On Pro Baseball
---- — For at least a half-dozen years we pretty figured that Nomar Garciaparra was the Boston Red Sox’s answer for Derek Jeter.
The dynamic duo/counterparts weren’t always the most productive guys -- though they were close -- but they appeared to represent their fans and their franchises better than anybody in some time.
To steal a line from New England Patriots owner Bob Kraft, we were duped.
While Garciaparra was as tightly-wound as most of us life-long New Englanders, he eventually wilted under the difficult pressure. You can’t blame him totally, because we are tough to play in front of. Our passion and cynicism is off the charts.
But we got a second chance at finding Jeter’s “equal,” deep into the back nine holes of Jeter’s career, an antsy, 5-foot-8-ish, dirt-dog with a massive chip on his shoulder.
We got Dustin Pedroia.
And yesterday, he officially became our Derek Jeter as the Red Sox paid (maybe slightly overpaid) the second baseman with a $100 million deal over seven seasons.
This was a long time coming. Of course, it took some house cleaning, too, as in the departure of some influential players in the Red Sox clubhouse, players who were more concerned with whining than about winning.
The influx of the new Boston Red Sox -- i.e. the fun-loving bald guys wearing those ugly, bushy beards -- set the table for management to officially hand this team over to Pedroia, which is where it has belonged for at least two or three years.
We know by know that Pedroia’s worth to this franchise and region can not be quantified by Bill James and his entertainment company. No matter what the stats say, Pedroia is the most important player on the Red Sox roster and he has been since he arrived.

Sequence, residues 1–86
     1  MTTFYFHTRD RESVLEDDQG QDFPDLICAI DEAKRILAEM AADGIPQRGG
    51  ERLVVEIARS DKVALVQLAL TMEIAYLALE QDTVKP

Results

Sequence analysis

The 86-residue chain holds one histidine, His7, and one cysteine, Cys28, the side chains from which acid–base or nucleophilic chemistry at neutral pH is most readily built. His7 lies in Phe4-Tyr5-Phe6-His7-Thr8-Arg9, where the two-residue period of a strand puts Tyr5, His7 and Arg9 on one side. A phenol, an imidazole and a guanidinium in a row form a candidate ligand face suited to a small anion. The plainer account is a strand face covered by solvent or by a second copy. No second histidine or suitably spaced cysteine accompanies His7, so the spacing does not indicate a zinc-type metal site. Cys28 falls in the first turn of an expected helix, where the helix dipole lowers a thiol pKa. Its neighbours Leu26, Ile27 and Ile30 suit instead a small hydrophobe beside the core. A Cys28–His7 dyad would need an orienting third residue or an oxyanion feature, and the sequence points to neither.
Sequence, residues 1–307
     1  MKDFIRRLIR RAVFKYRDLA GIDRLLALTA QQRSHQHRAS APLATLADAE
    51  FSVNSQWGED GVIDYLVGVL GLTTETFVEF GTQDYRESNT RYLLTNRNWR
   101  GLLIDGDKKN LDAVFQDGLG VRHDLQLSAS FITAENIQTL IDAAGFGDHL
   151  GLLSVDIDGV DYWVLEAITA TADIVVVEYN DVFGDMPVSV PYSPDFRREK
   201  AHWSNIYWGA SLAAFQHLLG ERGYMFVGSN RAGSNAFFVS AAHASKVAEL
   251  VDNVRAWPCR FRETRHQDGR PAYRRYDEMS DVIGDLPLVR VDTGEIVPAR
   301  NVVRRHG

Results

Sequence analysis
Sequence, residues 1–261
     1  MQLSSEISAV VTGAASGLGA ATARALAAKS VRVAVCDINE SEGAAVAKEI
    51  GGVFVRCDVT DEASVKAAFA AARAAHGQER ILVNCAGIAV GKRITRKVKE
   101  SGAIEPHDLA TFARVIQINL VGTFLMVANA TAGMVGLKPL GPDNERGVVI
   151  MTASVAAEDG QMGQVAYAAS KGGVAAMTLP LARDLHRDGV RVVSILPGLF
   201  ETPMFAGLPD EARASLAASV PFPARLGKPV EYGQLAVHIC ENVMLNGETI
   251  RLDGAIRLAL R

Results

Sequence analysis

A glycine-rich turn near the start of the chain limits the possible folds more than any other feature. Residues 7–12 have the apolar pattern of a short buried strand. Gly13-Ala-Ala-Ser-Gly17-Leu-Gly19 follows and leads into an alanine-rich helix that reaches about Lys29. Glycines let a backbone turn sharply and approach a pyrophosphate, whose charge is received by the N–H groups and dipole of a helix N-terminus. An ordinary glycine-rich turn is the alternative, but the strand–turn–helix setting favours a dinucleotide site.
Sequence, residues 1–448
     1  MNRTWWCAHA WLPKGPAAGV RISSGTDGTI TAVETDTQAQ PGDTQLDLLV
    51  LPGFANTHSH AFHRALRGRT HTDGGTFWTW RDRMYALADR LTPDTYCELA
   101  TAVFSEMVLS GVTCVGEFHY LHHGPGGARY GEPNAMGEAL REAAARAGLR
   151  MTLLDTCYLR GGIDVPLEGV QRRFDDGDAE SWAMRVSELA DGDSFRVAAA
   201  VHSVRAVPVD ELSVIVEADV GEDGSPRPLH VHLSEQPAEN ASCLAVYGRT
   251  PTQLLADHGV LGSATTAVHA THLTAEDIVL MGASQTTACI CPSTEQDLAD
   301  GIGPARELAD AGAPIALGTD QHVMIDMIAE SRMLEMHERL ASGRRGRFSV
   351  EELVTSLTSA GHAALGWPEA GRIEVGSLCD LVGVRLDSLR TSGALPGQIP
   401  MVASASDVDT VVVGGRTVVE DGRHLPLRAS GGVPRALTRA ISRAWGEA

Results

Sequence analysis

While Jacoby Ellsbury, who was hoping for that $20 million per season deal (which isn’t going to happen), continues to struggle either mentally or physically with nagging issues, you have to fight to keep Pedroia out of the lineup.
Has another athlete in Boston professional sports played through more pain than Pedroia, who missed only 21 games in 2012 while playing through a torn ligament in his thumb, which he hurt on opening day?
Of course, we take his defense, which is as good as any second baseman in baseball, for granted. Every few games there is the “Wow!” play he makes.
He does make me laugh, the way he says people have always doubted him. Quite frankly, after two months of his rookie year, I don’t know of one person that doubted him.
And the fact that he said the Red Sox were the only team that believed in him? That’s a funny one, too. The Red Sox drafted Pedroia in the second round, 65th overall, out of Arizona State, where he had a Hall-of-Fame career. My guess is he wouldn’t have lasted longer than the third round.
But that’s what makes Pedroia so appealing. He’s not only competitive, but he’s crazy about baseball, which brings us back to his counterpart in New York, Derek Jeter.
They don’t have to hit 35 homers or knock in 140 runs to prove their worth.
They just have to show up. And their teammates usually will follow.
As for the Red Sox saying they were done giving 7-year deals to players only a few months ago and then extending that courtesy to Pedroia, I say one thing: You couldn’t have picked a better guy.